IOC Prepares for End of an Era

Secrecy was in the Moscow air Monday as sports leaders began what is expected to be a historic week in the history of the Olympic Games.

As octogenarian Juan Antonio Samaranch started his last set of meetings in charge of the International Olympic Committee after 21 years as president, few IOC members were prepared to reveal their voting plans in Friday's decision for the 2008 Summer Games Ч where China is the favorite to be handed the Games for the first time.

Even fewer were prepared to say whom they will be backing in the key election on the successor to Samaranch three days later on July 16 Ч either in private or in public.

The next eight days will mark the end of an era in the Olympic movement. The most prestigious and powerful job in the world of sports administration is vacant for the first time since 1980. Few sports leaders want to leave Moscow next week admitting that they backed the losing candidate and not the new president.

"People are keeping their cards very close to their chest," said one Olympic source. "Everybody is talking around the subject without revealing their intentions."

The IOC is expected to make history by handing the Summer Games to China, the world's most populous country. Beijing, which lost to Sydney in the vote for the 2000 Games, is expected to hold off a strong challenge from Paris and Toronto with the other two candidates Ч Japan's Osaka and Istanbul Ч regarded as outsiders.

But IOC races are always difficult to call in advance. This time it is even more difficult since members are keeping quiet about their 2008 voting plans in the secret ballot because they fear their decision may be different from that of the new president.

Belgian surgeon Jacques Rogge is the favorite to win the five-strong presidency race but the former Olympic yachtsman is expected to face fierce competition from South Korean politician Kim Un-yong and Canadian lawyer Dick Pound.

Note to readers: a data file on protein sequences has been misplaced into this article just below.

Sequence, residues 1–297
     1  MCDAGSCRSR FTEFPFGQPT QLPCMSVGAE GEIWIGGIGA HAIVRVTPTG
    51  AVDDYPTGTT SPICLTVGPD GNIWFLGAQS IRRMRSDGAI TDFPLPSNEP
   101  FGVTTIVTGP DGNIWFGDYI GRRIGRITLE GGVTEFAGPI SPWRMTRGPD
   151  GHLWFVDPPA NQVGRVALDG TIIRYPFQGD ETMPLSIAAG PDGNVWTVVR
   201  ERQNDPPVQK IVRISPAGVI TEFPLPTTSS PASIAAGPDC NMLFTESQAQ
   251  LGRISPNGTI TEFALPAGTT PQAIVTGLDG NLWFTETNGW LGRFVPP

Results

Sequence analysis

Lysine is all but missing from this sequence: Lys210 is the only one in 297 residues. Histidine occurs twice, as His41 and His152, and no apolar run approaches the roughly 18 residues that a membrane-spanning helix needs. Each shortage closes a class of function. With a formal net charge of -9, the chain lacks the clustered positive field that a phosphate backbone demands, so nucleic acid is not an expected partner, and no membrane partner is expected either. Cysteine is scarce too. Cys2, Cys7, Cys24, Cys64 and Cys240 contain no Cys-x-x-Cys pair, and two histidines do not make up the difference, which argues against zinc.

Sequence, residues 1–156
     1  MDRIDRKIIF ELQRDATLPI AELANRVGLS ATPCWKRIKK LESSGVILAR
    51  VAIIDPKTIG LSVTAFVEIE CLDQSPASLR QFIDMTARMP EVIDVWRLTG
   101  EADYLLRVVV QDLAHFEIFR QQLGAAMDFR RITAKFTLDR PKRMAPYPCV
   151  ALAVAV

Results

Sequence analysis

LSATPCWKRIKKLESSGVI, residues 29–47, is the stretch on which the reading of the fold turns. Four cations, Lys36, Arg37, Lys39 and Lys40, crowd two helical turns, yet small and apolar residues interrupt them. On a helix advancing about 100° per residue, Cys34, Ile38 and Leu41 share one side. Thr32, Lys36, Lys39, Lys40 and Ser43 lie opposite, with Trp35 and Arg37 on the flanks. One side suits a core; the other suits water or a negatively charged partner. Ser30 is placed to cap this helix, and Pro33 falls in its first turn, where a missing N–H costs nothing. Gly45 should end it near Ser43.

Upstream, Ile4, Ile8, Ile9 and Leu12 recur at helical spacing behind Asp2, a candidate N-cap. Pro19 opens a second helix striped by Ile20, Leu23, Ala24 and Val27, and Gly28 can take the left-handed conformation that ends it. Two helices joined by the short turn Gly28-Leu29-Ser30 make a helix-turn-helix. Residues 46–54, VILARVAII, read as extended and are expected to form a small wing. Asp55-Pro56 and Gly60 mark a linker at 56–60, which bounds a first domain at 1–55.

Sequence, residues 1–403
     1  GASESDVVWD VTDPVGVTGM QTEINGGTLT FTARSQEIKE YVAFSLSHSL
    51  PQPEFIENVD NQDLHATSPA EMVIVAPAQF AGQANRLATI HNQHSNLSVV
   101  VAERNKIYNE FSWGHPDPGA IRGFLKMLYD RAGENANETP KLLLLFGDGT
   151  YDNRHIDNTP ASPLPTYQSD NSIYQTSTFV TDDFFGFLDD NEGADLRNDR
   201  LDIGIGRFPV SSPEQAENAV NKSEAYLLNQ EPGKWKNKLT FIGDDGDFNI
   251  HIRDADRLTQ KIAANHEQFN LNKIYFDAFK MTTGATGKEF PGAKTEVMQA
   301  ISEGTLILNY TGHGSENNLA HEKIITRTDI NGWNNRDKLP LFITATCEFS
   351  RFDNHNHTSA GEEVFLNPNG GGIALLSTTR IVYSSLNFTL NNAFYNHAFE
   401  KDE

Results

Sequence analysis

Samaranch has refused to say which city he supports after a campaign that has seen demonstrators on the doorsteps of the IOC in Switzerland calling for Beijing's bid to be turned down because of China's human rights record.

But the Spaniard has always been a leader who liked symbolism and is thought to be keen to bring the Games to a new part of the world before he steps down. China has the added bonus of an attractive economy to the blue chip sponsors who back the Games.

Beijing's bid has been controversial, and human rights protesters have said they want to demonstrate in Moscow against the Chinese. Beijing's bid has been opposed by a bipartisan coalition of U.S. lawmakers as well as by supporters of human rights in Tibet, which the Communist state has ruled with an iron fist since the 1950s.

The IOC has also received threats from anti-China groups warning members of attacks if they vote for Beijing.

Security was tight, but not overbearing, at the central Moscow hotel on Monday where leaders will hold all of their meetings.

Olympics sources believe the IOC will back Beijing, believing the Olympics can help influence China in the next seven years in economic and political terms. It would be a surprise if the IOC turned its back on the Chinese for the second time in a decade.

Stock markets around the world will be watching Friday's decision with interest since it could affect major blue chip companies who are working hard on Chinese markets as well as the country's own economy.

Samaranch has decided to stage the meeting in the same city where he was first elected president before the 1980 Moscow Olympics in the middle of a Cold War era dominated by Olympic boycotts. The world order and the Games have changed dramatically since those days of the Soviet Union.

The Olympics, regarded in the 1970s as a massive economic headache, are now a lucrative business, backed by rich international sponsors and television networks that are prepared to pay billions of dollars for exclusive marketing and television rights.

///BLOB/// Princess Anne will vote against Beijing as 2008 Olympic host because of concerns about China's human rights record and the occupation of Tibet, The Associated Press reported.

Princess Anne, one of Britain's two International Olympic Committee members, will vote for Toronto, Canada, in Friday's vote, The Observer newspaper said Sunday.

The newspaper quoted unnamed sources as saying Princess Anne would not vote for Beijing under any circumstances. She has reportedly refused to meet Beijing officials in Britain or at IOC meetings elsewhere.

Her brother, Prince Charles, is a strong supporter of Tibet and a friend and admirer of the country's exiled leader, the Dalai Lama.

Earlier this year, Princess Anne expressed an interest in visiting Tibet Ч which has been occupied by China since 1950 Ч but was prevented by the British Foreign Office.